'I was marching to the beat of empty, secular time. I needed to find a new approach to life'

We all have rituals by which we bury the old year and unveil the new. I end each year fighting with my roof. I have a 100ft pine tree in the front yard of my Virginia house, and an oak of similar size out back, but somehow it’s always the end of December before I deal with the debris. Pine needles blow through the yard like snowdrifts and oak leaves poke out of the gutter like a haircut I had in the 1980s. I sigh and make a resolution to do better next year.

I don’t know that I handle life’s larger matters much differently. It’s difficult to remain attentive to the torrent of minuscule but unceasing alterations, both internal and external, that collectively comprise our lives and the lives of those around us. My six-year-old daughter’s tastes change as rapidly as clutter piles up on the flamingo rug on her bedroom floor; I’ve barely registered a trend before it’s lost, one archeological layer down. We drift comfortably out of touch. And if life jerks us awake and shows us things as they really are, we resent it; we yearn for a quick fix. So we are suckers for dramatic – especially New Year’s – resolutions.

Unfortunately, our resolutions are bound by the limits of our knowledge and imagination. And in matters of household maintenance, my limitations are severe. Our roof is pitched at a 45-degree angle, and my various resolutions will all end in a common result: I fall off the roof. One year found me high-kicking my way off the roof in baseball cleats, which I had somehow thought would help me hold on. Another year the ladder and I went down sideways and knocked a clip off the gutters. I patched it back on with tape.

A third year sees me trying to beat a wind-blown shingle back into its place while standing on the top step of an extension ladder. Each time I pound the shingle with the end of a very lengthy and very shaky tree trimmer, I pivot precariously back and forth like an extra from a silent comedy. The exact plot isn’t predictable, but the conclusion is. I will start January with frostbitten hands and an aching back, banged up from my attempt to wrap up unfinished tasks and begin anew.

I suspect that most of us begin a new year with this paradoxical mixture of hope and resignation. We long for different lives, but can’t imagine what that would even look like, and so deep down expect more of the same. Like Dante in the Inferno, we’ve wandered along without noticing the exact moment or location that we began to go off course. How could we dream up a resolution that has any real chance of changing anything? “The thing that hath been, it is that which shall be; and that which is done is that which shall be done: and there is no new thing under the sun” (Ecclesiastes 1:9, KJV). Thanks, Solomon. Happy New Year.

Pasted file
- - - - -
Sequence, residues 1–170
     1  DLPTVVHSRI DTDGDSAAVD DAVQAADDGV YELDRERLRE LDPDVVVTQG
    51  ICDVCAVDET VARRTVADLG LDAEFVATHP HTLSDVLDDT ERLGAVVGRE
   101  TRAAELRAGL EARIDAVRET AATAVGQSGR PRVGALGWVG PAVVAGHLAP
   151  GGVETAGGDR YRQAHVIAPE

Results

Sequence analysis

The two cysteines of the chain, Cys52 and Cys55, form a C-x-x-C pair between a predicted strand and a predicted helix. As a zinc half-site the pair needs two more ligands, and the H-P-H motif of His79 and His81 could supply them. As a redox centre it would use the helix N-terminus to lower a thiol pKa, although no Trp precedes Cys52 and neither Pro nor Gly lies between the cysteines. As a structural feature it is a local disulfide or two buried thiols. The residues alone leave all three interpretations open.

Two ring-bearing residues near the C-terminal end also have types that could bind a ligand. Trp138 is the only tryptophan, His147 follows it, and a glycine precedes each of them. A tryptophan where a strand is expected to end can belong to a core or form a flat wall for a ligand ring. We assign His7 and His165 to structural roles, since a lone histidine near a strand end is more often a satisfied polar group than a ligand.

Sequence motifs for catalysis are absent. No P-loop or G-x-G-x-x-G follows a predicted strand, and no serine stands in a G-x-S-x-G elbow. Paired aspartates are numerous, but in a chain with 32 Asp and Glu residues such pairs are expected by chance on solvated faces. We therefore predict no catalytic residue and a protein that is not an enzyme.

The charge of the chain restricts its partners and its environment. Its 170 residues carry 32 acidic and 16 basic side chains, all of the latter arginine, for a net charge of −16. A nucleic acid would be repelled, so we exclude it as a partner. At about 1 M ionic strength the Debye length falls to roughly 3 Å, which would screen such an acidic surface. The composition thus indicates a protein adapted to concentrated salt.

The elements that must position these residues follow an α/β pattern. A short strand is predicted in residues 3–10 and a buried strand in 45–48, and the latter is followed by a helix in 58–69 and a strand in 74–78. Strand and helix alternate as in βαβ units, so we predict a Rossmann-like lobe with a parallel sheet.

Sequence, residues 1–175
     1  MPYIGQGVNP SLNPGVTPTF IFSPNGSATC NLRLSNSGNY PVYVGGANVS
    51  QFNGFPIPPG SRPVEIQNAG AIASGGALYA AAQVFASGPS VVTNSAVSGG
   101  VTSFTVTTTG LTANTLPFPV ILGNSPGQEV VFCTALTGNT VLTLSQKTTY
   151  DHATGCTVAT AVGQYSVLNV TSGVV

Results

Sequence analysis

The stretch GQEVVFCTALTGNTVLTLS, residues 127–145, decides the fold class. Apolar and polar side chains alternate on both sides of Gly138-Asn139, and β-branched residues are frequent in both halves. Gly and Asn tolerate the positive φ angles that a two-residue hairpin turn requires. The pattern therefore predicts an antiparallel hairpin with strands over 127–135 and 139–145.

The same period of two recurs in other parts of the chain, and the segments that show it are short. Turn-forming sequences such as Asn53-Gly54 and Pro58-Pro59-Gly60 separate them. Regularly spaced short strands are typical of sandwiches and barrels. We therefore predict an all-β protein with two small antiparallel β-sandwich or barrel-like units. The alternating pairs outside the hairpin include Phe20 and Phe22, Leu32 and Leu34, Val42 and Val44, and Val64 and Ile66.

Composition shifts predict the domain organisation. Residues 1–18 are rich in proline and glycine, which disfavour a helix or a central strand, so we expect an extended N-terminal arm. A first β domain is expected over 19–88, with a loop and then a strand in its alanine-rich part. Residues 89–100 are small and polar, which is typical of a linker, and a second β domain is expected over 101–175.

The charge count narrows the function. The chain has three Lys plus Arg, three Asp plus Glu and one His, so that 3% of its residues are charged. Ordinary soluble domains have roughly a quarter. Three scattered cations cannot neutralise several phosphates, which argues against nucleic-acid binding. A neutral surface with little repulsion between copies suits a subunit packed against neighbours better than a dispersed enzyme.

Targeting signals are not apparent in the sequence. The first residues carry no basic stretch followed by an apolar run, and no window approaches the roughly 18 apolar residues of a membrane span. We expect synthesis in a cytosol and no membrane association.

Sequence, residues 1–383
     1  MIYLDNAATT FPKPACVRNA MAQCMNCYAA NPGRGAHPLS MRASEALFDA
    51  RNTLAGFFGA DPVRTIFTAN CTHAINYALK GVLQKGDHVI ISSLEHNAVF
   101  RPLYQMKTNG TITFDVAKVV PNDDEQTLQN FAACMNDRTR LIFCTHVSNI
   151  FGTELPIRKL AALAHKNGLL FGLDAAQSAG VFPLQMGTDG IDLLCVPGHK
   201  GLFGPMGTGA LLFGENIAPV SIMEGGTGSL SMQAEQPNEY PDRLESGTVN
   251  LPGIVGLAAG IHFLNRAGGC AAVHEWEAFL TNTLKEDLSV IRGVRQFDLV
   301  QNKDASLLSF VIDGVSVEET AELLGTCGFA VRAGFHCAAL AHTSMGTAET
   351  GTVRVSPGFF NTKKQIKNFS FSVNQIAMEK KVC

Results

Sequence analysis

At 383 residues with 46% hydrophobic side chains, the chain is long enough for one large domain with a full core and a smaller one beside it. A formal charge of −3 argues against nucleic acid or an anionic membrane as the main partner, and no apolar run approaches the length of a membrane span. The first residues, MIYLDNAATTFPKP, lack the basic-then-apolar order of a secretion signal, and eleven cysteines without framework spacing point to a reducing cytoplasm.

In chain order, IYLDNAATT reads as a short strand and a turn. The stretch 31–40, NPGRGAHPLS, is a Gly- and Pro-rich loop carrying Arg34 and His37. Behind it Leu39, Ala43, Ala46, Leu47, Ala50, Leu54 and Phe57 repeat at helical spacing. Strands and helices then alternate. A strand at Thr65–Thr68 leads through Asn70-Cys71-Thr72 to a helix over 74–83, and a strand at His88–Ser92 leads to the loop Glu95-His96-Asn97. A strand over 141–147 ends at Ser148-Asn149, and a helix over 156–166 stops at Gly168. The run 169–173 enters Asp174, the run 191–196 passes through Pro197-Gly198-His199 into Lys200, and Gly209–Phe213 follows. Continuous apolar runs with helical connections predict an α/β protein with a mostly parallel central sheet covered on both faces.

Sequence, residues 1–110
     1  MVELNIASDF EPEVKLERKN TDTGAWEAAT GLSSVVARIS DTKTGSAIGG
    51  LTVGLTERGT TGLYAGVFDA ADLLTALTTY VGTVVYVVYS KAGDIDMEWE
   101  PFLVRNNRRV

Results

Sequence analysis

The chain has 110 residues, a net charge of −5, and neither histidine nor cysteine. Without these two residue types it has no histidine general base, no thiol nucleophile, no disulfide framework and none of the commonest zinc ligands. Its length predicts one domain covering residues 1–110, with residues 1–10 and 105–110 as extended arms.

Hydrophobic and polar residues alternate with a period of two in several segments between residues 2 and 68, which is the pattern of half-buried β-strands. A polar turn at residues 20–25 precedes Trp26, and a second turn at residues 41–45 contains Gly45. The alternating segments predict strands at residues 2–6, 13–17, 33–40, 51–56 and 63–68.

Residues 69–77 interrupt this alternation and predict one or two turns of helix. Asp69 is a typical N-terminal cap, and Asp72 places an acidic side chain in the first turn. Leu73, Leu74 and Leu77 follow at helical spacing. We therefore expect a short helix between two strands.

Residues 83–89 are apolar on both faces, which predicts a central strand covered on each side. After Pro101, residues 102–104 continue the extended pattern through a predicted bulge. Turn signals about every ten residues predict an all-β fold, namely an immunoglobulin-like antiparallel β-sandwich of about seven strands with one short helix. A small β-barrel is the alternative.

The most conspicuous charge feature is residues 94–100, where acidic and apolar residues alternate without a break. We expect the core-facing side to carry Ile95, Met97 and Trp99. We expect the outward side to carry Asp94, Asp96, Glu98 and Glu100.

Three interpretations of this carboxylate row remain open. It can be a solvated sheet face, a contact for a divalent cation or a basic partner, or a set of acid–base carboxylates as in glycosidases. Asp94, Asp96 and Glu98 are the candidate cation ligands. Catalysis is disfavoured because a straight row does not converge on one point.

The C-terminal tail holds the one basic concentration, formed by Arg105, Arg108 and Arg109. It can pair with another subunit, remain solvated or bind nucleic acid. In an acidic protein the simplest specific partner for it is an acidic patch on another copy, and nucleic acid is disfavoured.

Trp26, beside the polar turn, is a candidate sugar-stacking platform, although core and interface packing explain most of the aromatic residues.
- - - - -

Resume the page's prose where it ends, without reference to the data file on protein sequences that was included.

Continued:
In my book Numbering My Days: How the Liturgical Calendar Rearranged My Life, I suggest that the Church Year can help us begin to break out of these individual and collective cycles of futility.

As the book opens, I am the father of a young child in a two-career family, as overextended as everybody else is. And I’m about as good at arranging my life as I am at home maintenance. So I’m in a coffee shop desperately multitasking, trying simultaneously to get work done for my job, watch my daughter and pour coffee down my throat. Only the last task is going at all well. As my daughter entertains Starbucks with a rousing rendition of Old MacDonald, I realise that I need to find a new approach to life. A secular, mechanical world, the world of the marketplace, has made me what I am, and I’m marching to the beat of empty, secular time. So I wonder if my life would be different if I spent a year in sacred time, living according to the liturgical calendar.

Over the course of a typically chaotic year, I find that the liturgical calendar is a powerful tool for living. The lectionary readings and the feasts of the saints assign a sacred meaning from Scripture and/or Church history to each of our days. If we become attentive to this meaning, we will begin to see the world around us differently, make different decisions and become different people.

We might all consider trying to live 2017 according to the liturgical calendar. For divine rituals possess the power to renew us that our haphazard personal rituals so obviously lack, and only God can really imagine us as – and day by day make us into – the people we ought to be.

This article first appeared in the January 6 2017 issue of the Catholic Herald. To read the magazine in full, from anywhere in the world, go here